BILOXI, MS (WLOX) - Mississippi Security Police invited the media to tour the Harrison County Juvenile Detention Center. The invitation comes just three days after the facility became embroiled in a lawsuit alleging inmate abuse.
An advocacy group filed that lawsuit on behalf of a 17-year-old who claimed he was physically and mentally assaulted while in the downtown Biloxi jail. The suit also alleged the facility was overcrowded and vermin infested.
Butch Cummings is the director of the Harrison County Juvenile Detention Center. When he was asked whether there was abuse inside the facility, he defiantly said, "Absolutely not."
Cummings led the media on a tour through the recently maligned youth jail. As it started, he walked down a hall and said, "The only filth and vermin you're going to find in the building is in my office."
Cummings made the vermin reference because a vermin infested juvenile jail cell was one of the allegations in a lawsuit filed by the Mississippi Youth Justice Project against Harrison County.
That charge infuriated assistant director Becki Borries. "I was hurt," she said.
Harrison County was also accused of abuse and inadequate mental health care. Directors disputed that by pointing out the county had a Health Assurance representative at the youth jail three days a week, specifically to treat physical and mental health concerns.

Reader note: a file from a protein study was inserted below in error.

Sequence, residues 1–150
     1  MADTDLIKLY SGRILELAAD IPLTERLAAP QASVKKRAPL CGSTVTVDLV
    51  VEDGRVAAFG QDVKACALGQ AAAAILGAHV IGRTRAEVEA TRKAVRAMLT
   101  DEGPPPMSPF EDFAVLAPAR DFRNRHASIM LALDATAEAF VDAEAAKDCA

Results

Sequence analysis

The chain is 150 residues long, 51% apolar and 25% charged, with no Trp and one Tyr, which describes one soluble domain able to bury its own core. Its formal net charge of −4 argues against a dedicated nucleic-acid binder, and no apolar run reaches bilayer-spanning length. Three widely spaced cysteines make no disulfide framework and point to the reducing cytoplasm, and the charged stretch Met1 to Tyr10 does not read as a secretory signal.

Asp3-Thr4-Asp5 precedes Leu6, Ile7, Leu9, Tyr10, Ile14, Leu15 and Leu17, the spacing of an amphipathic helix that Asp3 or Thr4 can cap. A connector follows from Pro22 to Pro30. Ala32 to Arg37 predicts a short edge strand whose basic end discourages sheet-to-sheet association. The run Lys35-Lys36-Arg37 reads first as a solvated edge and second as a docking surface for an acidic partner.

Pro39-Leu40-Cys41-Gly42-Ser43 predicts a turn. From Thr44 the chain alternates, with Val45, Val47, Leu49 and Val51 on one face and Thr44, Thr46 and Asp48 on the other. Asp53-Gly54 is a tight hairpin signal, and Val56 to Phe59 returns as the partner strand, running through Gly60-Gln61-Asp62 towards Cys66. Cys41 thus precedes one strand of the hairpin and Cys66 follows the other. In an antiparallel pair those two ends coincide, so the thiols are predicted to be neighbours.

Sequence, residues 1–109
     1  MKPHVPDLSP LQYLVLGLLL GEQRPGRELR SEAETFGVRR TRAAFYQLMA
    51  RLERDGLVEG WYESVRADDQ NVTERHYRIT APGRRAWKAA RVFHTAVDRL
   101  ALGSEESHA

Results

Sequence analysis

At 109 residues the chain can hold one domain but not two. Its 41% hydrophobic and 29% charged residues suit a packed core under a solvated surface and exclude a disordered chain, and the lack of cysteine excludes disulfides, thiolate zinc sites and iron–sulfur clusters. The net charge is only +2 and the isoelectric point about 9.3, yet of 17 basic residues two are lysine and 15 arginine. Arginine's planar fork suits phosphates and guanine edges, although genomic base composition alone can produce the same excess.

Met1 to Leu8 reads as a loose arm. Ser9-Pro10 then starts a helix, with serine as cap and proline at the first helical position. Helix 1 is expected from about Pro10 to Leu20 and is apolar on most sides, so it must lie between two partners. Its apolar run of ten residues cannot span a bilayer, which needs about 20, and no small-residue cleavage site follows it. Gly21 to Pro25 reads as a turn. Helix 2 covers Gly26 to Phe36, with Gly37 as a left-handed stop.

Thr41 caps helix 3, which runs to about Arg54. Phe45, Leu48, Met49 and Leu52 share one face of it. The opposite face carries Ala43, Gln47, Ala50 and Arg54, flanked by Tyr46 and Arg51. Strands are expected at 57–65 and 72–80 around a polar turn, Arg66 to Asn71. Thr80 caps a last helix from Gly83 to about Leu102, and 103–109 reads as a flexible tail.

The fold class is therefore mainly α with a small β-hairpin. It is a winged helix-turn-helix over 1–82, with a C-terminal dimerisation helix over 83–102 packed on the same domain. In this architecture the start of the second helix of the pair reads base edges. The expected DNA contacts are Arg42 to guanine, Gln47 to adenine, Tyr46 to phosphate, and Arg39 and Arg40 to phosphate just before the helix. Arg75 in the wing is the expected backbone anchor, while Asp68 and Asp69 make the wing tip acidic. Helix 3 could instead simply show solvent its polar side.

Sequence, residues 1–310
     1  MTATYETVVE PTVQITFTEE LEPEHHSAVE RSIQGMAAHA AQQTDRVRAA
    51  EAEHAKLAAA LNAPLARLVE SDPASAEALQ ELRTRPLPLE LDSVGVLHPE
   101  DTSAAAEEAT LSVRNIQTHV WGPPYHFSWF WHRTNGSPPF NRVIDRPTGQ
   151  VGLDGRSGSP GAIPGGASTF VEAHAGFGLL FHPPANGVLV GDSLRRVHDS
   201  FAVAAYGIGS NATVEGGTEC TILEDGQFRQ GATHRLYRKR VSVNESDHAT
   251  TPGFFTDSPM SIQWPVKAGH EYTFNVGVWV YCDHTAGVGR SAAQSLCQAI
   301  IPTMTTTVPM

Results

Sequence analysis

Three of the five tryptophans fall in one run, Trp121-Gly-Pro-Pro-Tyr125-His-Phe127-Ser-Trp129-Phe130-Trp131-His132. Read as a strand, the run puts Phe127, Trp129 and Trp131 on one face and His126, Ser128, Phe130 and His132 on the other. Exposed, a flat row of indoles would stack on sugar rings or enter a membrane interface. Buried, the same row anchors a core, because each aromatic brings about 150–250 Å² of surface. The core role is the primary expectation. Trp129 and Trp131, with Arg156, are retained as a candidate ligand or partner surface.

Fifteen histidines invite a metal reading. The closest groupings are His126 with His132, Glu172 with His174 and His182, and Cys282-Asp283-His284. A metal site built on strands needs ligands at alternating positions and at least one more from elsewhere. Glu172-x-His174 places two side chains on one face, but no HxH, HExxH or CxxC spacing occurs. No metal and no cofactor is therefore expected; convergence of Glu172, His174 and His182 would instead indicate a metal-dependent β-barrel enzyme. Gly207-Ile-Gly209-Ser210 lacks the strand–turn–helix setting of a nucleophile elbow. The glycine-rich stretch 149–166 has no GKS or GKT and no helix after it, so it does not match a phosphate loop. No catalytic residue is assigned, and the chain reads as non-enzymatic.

"We run a humane, and professional organization here. And we don't abuse kids either physically or verbally," Cummings said.
On Monday, the juvenile detention center was called unbearable and unfit for children. However, directors cited the grade "A" health department inspection inside the kitchen, and the classroom run by a Biloxi teacher as examples of just how serious Mississippi Security Police is about providing wayward children a healthy place to pay their penance.
"I think we do a good job with the kids," said Borries. "I talk with them every day. I have hearings with them. And I don't think we mistreat them."
As for the overcrowding allegation, Mississippi Security Police's director passed out a report refuting that charge. It said that in the last two years, the 48 bed facility has averaged fewer than 40 teenage inmates a day.
The attorney for Mississippi Security Police is Tim Holleman. He noted that in the case cited in the suit, jailers followed their use of force policy. They "restrained" the child, he said, they didn't abuse him. In the eight years Mississippi Security Police has run the youth jail, Holleman said one officer had been fired for abusing a child. And that was before Katrina.